Government bodies should explore ways to use anonymised administrative data to increase the effectiveness of policymaking, a group of officials and academic experts said at a seminar organised by Poland’s Institute for Structural Research (IBS).
As part of the “Youth employment partnerSHIP” project, the IBS organized a seminar in Warsaw on the use of data on 4 October. The project seeks to increase employment of young people, so called NEETs (not in employment, education or training) in Hungary, Italy, Poland and Spain.
Poland’s government has hundreds of data sets, but they’re poorly integrated and thus only rarely used; better management of this resource could help replace surveys, which cost more and are often less reliable, conference participants from academia and government said. The Ministry of Digital Affairs and other public bodies are working on the Integrated Analytical Platform, which will centralize and standardize data held by the public administration.
“Advanced data analytics is all the rage in business, and now it’s time for public institutions to realize they’re also sitting on a gold mine,” said IBS Vice President Iga Magda, lead researcher for the youth employment project. “If you’re going to offer your citizens services that match their actual needs, you need to leverage the knowledge that’s available in these data sets.”
Speakers at the seminar provided several concrete examples of how data can help improve decision-making and evaluation of policies:
* Agnieszka Chłoń-Domińczak of the Warsaw School of Economics and the National Information Processing Institute described the Integrated Analytical Platform project, which is building a set of legal, technical and organisational solutions to make data from public administration available to researchers while ensuring proper data protection. Chłoń-Domińczak also demonstrated a practical use of administrative data in the Economic Outcomes for Graduates (ELA) programme, which combines data from institutions of higher education with those of Poland’s ZUS social welfare fund, allowing accurate, low-cost monitoring of where a university’s graduates end up.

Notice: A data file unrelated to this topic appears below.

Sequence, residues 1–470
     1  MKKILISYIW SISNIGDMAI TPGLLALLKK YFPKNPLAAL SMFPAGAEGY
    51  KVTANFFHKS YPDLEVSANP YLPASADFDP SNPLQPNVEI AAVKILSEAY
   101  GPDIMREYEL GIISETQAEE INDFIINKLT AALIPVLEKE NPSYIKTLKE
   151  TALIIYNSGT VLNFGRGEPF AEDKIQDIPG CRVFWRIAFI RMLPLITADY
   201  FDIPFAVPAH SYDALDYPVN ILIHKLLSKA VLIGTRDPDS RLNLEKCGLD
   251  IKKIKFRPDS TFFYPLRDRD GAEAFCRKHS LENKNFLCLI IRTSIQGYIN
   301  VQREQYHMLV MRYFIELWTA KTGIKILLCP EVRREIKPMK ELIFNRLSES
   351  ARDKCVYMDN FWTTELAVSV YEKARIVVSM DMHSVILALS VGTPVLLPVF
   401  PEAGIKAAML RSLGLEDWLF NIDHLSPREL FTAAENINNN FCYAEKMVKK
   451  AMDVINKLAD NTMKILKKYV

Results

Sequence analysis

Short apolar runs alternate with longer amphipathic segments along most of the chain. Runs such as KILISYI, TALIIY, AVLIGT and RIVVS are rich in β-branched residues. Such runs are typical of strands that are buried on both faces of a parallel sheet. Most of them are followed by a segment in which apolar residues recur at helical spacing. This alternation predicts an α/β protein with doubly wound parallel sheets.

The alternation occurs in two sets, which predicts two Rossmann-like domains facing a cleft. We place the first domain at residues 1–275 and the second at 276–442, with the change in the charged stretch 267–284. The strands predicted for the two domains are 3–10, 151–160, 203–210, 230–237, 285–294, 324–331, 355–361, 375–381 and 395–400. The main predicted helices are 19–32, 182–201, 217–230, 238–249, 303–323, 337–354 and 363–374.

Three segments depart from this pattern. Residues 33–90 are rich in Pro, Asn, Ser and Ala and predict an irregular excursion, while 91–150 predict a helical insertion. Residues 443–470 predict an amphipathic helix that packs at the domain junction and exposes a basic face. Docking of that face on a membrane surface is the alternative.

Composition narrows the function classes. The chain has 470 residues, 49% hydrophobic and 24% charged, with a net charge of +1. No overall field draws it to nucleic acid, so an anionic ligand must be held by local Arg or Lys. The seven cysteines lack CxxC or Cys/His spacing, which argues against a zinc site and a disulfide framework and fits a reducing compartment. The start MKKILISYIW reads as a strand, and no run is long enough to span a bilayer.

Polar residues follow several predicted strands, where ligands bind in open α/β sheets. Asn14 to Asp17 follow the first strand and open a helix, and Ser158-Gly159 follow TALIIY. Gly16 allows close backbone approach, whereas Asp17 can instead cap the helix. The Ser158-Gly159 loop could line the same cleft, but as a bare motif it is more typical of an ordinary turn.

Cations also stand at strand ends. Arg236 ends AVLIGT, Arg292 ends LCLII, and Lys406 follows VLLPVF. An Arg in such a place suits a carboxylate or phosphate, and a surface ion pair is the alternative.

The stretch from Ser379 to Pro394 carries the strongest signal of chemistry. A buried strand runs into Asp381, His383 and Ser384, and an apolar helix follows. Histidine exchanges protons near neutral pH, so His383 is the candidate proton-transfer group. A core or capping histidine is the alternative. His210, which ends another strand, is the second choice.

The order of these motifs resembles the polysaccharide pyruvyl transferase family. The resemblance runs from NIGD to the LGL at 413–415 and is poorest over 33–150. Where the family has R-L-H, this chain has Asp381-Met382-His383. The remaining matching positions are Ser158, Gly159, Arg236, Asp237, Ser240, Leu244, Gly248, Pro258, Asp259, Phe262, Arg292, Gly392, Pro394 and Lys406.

* Marta Palczyńska of the IBS and Tomasz Gajderowicz from the University of Warsaw presented their experience in using data from unemployment registries to evaluate the effectiveness of active labour market policies in employment offices.
* Michał Myck of the Centre for Economic Analysis gave a comparative analysis of surveys versus administrative data in evaluating tax and benefit policies.
* Paweł Chrostek of the Finance Ministry discussed the advantages of using combined data from the tax and social insurance registries to assess social and economic policy.
Other institutions represented at the seminar included the Ministry of Family, Labour and Social Policy and the Ministry of Development.
“Poland needs to adopt best practices from other countries and start making decisions based on accurate analysis of data, which will help cut the number of poorly targeted rules and programmes, reducing costs to the budget,” said Magda.